After applying for a customer service job at Mantality, a clinic that performs testosterone replacement therapy for men, St. Louis resident Hermeisha Robinson, of Bellefontaine Neighbors, received an email from the company that said they “do not consider candidates that have suggestive ‘ghetto’ names.” The email included a signature from Jordan Kimler, a registered nurse practitioner employed by Mantality.
Understandably distraught, Robinson took to Facebook shortly thereafter to post a screenshot of the email she took on her iPhone, and to encourage people to share her post in order to showcase the discrimination that people of color face on a daily basis. Towards the end of her post, Robinson says, “MY FEELINGS ARE VERY HURT AND THEY EVEN GOT ME SECOND GUESSING MY NAME TRYING TO FIGURE OUT IF MY NAME IS REALLY THAT ‘GHETTO.'”
Robinson’s reaction to the situation seems fitting and justified; after all, it’s 2018 and companies should know better than to make bigoted, intolerant decisions based on race. In this case, however, it seems there is more than meets the eye. Mantality’s owner, Kevin Meuret, told the Post-Dispatch that his company’s email was hacked from outside the state, likely by a former employee impersonating Kimler.
“I’m a father of three daughters, and that young lady getting that (response) is horrible. That young lady opened something that must have felt like a freight train, and that’s unacceptable,” Meuret said.
Since Robinson applied to the position via the employment website indeed.com, Mantality has filed reports with Chesterfield police and St. Louis County’s cybercrimes division and is currently waiting to get the IP address of the perpetrator so he or she can be tracked down.
“We will continue to pursue this even if it becomes a federal matter,” Meuret added.
Robinson’s cousin, Miltina Burnett, owner of special events company Bell Lavish Decorations, also made a Facebook posting including the rude email, which elicited a message response from Jack Gamache, clinical director of Mantality’s St. Louis locations. Gamache reiterated the claim that Mantality had been hacked “with email and phones.”
Burnett told the Post-Dispatch that Robinson has been floored by all the responses that both of their posts have received online. “A lot of people are contacting her, with responses good and bad. Some saying her name is ghetto. It has taken a lot of different directions,” said Robinson.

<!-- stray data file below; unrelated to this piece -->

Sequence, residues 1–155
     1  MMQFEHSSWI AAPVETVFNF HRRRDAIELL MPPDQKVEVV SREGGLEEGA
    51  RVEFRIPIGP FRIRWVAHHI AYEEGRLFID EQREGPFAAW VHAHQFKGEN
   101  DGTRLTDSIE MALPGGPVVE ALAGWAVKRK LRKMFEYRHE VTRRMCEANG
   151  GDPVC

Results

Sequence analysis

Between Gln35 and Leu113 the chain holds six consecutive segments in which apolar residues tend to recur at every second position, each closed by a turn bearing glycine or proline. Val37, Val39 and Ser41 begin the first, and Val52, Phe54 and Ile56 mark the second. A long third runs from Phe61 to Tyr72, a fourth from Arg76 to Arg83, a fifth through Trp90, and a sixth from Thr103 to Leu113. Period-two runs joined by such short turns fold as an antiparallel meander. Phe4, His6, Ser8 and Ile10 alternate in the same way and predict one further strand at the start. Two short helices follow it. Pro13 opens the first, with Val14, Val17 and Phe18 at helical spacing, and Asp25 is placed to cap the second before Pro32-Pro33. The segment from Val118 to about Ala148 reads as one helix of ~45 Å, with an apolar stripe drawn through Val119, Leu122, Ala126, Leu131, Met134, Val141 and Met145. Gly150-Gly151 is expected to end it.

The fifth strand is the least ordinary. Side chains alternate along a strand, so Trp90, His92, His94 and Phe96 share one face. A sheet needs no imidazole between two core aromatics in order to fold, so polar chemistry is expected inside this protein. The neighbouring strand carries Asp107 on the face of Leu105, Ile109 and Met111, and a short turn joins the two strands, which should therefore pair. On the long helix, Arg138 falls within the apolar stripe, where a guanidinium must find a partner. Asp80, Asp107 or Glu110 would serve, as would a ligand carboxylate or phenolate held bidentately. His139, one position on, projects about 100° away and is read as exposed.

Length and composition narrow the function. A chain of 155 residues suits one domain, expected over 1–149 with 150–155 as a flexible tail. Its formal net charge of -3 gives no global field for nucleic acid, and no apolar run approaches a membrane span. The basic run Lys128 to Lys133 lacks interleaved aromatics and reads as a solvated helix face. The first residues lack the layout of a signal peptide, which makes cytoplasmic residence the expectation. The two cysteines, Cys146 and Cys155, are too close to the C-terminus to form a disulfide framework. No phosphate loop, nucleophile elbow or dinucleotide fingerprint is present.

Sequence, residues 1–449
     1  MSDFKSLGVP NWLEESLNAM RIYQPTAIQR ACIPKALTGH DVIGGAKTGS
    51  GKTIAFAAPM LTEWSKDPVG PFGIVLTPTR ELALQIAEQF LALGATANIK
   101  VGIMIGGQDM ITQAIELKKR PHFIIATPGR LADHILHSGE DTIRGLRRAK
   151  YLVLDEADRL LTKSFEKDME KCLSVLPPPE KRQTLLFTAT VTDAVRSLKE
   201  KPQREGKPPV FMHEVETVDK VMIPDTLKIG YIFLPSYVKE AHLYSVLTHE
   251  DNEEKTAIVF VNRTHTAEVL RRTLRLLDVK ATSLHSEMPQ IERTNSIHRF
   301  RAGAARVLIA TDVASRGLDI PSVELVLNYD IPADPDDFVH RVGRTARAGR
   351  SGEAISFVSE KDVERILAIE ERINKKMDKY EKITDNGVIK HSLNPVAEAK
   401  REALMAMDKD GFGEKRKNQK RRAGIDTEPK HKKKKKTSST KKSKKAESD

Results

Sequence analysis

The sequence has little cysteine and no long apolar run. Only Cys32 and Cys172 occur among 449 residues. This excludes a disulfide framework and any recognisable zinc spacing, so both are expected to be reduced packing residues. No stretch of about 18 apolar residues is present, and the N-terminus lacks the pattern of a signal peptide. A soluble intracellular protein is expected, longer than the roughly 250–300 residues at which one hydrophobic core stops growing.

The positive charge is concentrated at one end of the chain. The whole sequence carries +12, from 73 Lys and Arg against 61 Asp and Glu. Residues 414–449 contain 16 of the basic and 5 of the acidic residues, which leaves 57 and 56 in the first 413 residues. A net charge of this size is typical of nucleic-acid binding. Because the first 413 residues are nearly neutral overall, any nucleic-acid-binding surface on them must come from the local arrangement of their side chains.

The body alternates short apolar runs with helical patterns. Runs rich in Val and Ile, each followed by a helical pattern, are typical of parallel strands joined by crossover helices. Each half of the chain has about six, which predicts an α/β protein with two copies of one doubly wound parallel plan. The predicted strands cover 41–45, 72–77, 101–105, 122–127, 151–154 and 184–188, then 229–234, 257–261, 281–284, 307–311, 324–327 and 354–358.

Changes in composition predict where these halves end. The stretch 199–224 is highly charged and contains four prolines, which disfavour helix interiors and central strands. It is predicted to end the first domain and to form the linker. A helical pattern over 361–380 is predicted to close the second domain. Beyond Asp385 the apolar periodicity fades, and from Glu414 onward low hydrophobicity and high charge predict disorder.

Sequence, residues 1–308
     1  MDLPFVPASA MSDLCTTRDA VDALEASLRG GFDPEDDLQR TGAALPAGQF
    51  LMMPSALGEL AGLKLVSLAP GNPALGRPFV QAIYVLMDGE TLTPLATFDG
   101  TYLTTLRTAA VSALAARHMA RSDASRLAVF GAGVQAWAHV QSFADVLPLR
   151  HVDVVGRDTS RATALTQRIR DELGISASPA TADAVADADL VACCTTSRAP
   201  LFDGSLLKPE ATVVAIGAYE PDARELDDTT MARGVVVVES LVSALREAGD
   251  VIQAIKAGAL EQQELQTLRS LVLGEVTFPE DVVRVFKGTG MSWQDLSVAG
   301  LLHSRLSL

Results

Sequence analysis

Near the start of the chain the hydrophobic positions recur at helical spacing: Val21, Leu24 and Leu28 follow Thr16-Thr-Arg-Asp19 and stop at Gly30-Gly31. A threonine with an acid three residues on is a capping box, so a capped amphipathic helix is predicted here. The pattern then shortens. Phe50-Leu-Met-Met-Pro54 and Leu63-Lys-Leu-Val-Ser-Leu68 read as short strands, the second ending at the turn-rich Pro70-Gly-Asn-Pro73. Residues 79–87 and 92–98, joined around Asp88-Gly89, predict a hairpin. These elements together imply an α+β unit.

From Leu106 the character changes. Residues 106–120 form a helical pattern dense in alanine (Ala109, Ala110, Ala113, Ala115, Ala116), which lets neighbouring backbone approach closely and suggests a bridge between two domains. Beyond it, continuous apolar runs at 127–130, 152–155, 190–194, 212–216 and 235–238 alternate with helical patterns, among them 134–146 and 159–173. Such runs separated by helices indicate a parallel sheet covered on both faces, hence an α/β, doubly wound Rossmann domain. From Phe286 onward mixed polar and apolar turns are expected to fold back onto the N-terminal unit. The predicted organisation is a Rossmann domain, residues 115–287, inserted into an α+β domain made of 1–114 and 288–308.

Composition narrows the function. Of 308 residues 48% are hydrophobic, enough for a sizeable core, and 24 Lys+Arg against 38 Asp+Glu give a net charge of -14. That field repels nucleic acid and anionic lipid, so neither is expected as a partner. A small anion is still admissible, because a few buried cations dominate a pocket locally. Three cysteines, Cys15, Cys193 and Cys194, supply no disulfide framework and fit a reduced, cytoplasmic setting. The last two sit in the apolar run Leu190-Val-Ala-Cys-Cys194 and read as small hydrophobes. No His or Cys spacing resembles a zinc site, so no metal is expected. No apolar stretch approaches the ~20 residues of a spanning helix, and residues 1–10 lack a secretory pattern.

“It made her cry and question her name, whether she should change her name to fit in corporate America. Her mom passed away a while back and gave her that special name,” Burnett said. Hermeisha Robinson was named after her father, Herman, who died when she was a little girl. “Her mom loved that name. She is not going to change it.”
Fellow St. Louisan RoRo Nelson also shared a Facebook post showing that she received a similar email to Robinson’s, calling her name suggestive and “ghetto,” as did Milwaukee native Quinntellia Fields. “2018 and times STILL haven’t changed,” wrote Fields in her post. It’s estimated that as many as 20 candidates received emails from the alleged hacker.
I applied for a Job with Mantality Health Medical Clinic and later received this email. 2018 and times STILL haven’t changed. SMH Please share everyone!!! FOX6 News Milwaukee #share #comment #likePosted by Quinntellia Fields on Monday, August 13, 2018
Overall, the situation is messy and quite sickening when you think about the motivation behind the person who sent the emails. The real Jordan Kimler would have to be incredibly ignorant to send those emails to her applicants, so assuming it really was a hacker and former employee stealing her identity, it’s likely the person was trying to make Mantality look bad and full of prejudice. But why did they have to target these women with a statement that undermines their identities, shakes their confidence, and makes them question their self-worth? It’s a form of racially charged emotional abuse, and reading their posts, it’s plain to see the effect it’s had on the victims. All that being said, it seems like Mantality should really take additional precautions to make sure hackers, former employees, or anyone outside the company can access their technology, because such vulnerabilities clearly lead to catastrophe. What do you think?